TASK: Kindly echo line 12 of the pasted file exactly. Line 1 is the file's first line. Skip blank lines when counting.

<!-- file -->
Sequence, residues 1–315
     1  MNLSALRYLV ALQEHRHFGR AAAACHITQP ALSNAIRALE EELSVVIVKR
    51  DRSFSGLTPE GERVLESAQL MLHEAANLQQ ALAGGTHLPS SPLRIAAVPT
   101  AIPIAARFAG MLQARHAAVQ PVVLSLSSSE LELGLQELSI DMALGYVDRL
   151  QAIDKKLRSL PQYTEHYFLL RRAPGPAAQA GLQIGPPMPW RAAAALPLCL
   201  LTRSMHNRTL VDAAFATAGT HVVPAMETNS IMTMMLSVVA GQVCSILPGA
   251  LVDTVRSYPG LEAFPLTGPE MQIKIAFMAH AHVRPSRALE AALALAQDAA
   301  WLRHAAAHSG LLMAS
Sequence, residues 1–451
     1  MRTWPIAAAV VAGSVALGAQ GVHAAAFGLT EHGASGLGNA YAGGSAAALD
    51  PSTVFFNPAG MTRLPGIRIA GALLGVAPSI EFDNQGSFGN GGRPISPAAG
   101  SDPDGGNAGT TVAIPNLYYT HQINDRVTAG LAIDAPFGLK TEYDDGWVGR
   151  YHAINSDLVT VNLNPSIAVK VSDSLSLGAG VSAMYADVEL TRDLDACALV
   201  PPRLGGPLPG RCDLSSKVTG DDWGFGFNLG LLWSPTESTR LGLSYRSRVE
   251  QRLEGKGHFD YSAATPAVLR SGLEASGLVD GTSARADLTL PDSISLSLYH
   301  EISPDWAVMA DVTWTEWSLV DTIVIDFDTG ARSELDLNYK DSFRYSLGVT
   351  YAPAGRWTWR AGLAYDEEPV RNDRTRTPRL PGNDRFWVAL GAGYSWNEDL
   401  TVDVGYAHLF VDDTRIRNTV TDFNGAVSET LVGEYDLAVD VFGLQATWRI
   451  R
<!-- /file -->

   101  SDPDGGNAGT TVAIPNLYYT HQINDRVTAG LAIDAPFGLK TEYDDGWVGR